This club was instituted in the year 1822, for the publica I can't call that worthy so candid as learn'd;

tion or reprint of rare and curious works connected with the He rail'd at the plaid and blasphemed the claymore, history and antiquities of Scotland. It consisted, at first, of

a very few members,-gradually extended to one hundred, And set Scots by the ears in his one volume more.

at which number it has now made a final pause. They asOne volume more, my friends, one volume more,

sume the name of the Bannatyne Club from George BannaCelt and Goth shall be pleased with one volume tyne, of whom little is known beyond that prodigious effort more.

which produced his present honours, and is, perhaps, one of the most singular instances of its kind which the literature of

any country exhibits. His labours as an amanuensis were VI.

undertaken during the time of pestilence, in 1568. The dread As bitter as gall, and as sharp as a razor,

of infection had induced him to retire into solitude, and unAnd feeding on herbs as a Nebuchadnezzar

der such circumstances he had the energy to form aud exe

Sir Walter Scott was the first President of the Club, and of Pinkerton, Ritson, and Herd, &c. in the Introductory Rewrote these verses for the anniversary dinner of March, 1823. marks on Popular Poetry, ante, p. 537, et seq. -See Life, vol. vii., p. 137.

4 James Sibbald, editor of Scottish Poetry, &c. "The Yedi.

tur," was the name given him by the late Lord Eldin, then 9 In accordance with his own regimen, Mr. Ritson publish- Mr. John Clerk, advocate. The description of him here is ed & volume entitled, “ An Essay on Abstinence from Ani- very accurate, mal Food as a Moral Daty. 1802."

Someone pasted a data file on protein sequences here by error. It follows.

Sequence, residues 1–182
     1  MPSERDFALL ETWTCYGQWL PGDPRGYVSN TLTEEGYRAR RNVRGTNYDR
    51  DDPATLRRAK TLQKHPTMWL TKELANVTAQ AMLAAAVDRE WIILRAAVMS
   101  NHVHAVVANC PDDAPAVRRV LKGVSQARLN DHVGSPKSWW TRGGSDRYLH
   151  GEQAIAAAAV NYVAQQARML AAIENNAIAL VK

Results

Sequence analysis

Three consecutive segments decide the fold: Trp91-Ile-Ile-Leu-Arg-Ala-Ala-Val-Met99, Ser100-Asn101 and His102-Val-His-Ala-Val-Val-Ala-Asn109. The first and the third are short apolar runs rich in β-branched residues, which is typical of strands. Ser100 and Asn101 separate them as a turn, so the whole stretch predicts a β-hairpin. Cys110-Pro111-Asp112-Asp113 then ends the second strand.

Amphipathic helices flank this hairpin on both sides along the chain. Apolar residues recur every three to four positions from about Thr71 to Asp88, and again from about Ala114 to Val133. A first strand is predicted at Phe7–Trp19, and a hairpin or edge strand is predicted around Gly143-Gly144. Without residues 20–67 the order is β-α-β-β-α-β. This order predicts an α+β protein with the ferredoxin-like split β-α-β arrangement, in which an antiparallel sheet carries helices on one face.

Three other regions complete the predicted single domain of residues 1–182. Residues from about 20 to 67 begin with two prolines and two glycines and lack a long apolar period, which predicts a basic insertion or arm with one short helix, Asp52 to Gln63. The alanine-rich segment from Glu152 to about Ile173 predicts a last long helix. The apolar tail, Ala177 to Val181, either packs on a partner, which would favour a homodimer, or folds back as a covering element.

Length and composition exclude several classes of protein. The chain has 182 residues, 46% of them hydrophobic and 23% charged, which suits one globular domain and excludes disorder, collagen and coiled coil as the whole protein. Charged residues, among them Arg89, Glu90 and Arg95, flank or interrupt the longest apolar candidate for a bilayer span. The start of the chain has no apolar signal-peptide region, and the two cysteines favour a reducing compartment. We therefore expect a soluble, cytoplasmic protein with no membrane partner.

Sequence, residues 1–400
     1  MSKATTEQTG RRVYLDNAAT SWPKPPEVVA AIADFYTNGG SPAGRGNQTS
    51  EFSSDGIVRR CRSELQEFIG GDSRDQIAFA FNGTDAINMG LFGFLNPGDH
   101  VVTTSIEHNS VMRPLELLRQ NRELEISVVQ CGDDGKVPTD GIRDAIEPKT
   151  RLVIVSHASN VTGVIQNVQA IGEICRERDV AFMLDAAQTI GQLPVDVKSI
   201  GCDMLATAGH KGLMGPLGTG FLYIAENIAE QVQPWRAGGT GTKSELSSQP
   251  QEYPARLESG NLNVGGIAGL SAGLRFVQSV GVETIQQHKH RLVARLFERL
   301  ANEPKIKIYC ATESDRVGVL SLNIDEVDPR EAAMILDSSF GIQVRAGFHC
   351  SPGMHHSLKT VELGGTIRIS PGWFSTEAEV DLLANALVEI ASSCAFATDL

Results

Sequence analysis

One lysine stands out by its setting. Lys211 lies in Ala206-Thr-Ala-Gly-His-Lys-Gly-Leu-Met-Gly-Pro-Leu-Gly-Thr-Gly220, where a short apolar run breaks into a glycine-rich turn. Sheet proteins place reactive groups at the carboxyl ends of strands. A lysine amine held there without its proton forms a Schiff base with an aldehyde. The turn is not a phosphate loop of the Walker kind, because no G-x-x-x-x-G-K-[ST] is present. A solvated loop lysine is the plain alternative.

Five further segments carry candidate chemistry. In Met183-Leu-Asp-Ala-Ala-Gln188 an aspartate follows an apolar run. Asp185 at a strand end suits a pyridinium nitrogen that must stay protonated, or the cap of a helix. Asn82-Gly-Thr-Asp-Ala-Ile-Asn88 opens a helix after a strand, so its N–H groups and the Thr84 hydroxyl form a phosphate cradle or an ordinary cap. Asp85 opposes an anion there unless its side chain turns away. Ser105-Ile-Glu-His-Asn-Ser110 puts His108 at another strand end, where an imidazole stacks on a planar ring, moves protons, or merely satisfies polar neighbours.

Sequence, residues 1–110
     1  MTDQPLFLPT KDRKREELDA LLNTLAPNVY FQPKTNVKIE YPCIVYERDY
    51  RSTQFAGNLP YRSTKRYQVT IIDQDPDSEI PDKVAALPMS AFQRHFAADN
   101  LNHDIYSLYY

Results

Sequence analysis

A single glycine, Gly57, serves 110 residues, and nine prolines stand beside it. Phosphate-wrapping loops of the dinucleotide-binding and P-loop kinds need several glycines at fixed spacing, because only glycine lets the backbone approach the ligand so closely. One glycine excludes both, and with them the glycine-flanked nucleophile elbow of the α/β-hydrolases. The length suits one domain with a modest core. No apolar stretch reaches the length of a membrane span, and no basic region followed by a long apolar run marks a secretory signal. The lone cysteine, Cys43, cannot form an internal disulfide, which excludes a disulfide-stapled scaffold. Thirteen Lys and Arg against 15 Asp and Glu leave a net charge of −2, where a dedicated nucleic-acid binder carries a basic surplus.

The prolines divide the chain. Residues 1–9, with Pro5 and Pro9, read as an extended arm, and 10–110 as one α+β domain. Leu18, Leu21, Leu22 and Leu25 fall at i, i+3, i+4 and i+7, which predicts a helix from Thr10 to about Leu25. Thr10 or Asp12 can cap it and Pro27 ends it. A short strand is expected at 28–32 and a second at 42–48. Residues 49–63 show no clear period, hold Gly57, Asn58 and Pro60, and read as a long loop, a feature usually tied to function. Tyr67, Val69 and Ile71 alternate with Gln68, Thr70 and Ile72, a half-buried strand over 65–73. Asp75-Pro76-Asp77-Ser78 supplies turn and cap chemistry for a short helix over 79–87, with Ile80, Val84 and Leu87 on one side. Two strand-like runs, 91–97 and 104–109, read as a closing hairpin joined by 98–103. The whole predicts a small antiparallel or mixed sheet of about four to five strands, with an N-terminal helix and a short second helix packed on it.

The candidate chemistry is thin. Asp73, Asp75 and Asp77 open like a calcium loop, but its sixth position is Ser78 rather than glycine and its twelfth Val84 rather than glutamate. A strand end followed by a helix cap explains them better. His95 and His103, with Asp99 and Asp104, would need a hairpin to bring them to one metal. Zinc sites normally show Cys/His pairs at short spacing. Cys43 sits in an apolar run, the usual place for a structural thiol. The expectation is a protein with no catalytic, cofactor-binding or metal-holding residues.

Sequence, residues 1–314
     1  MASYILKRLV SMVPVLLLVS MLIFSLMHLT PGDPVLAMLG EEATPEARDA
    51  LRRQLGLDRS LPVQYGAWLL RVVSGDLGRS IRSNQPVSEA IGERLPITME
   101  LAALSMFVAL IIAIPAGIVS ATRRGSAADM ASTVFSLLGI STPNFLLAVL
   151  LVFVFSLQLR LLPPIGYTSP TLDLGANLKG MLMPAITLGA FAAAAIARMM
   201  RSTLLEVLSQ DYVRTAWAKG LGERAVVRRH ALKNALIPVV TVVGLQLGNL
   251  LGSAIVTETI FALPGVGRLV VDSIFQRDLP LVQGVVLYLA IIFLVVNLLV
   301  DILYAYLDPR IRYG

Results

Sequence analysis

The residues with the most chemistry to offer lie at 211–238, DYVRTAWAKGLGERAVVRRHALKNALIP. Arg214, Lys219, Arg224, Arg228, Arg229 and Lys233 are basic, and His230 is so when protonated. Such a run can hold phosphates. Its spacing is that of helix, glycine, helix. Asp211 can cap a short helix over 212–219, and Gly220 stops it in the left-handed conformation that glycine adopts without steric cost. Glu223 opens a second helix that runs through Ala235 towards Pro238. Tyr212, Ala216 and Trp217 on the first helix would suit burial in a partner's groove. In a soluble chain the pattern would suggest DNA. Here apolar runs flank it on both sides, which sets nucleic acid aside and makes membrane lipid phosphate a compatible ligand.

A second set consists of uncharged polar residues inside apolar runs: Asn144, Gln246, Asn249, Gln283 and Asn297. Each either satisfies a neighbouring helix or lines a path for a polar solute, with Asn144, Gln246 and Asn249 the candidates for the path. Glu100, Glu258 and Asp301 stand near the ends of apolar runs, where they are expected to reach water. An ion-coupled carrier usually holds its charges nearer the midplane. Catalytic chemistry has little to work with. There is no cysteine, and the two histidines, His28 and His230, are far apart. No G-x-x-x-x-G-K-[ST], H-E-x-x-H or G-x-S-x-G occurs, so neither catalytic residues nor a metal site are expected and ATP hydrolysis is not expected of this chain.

6 David Herd, editor of Songs and Historical Ballads. 2

vols. He was called Greysteel by his intimates, from having See an account of the Metrical Antiquarian Researches been long in unsuccessful quest of the romance of that name

cute the plan of saving the literature of the whole nation : You, perhaps, may observe that one Lionel Berguer. and, undisturbed by the general mourning for the dead, and In defence of our blunder appears a stout arguer: general fears of the living, to devote himself to the task of But at length I have settled, I hope, all these collecting and recording the triumphs of human genius in the poetry of his age and country;-thus, amid the wreck of all

clatters, that was mortal, employing his elf in preserving the lays by By a rout the papers—fine place for such matters, which immortality is at once given to others, and obtained for I have, therefore, to make it for once my command, the writer himself. He informs us of some of the numerous

sir, difficulties he had to contend with in this self-imposed task. That my gudeson shall leave the whole thing in my The volume containing his labours, deposited in the Library of the Faculty of Advocates at Edinburgh, is no less than

hand, sir, eight hundred pages in length, and very neatly and closely And by no means accomplish what James says you written, containing nearly all the ancient poetry of Scotland threaten, now known to exist.

Some banter in Blackwood to claim your dog-Latin. This Caledonian association, which boasts several names of I have various reasons of weight, on my word, sir, distinction, both from rank and talent, has assumed rather a broader foundation than the parent society, the Roxburghe For pronouncing a step of this sort were absurd, sir.Club in London. which, in its plan, being restricted to the Firstly, erudite sir, 'twas against your advising reprinting of single tracts, each executed at the expense of I adopted the lines this monstrosity lies in; an individual member, it follows as almost a necessary conse- For you modestly hinted my English translation quence, that no volume of considerable size has emanated from it, and its range has been thus far limited in point of Would become better far such a dignified station. utility. The Bannatyne, holding the same system with respect Second-how, in God's name, would my bacon be to the ordinary species of club reprints, levies, moreover, a saved, fund among its members of about L.500 a-year, expressly to By not having writ what I clearly engraved ? be applied for the editing and printing of works of acknow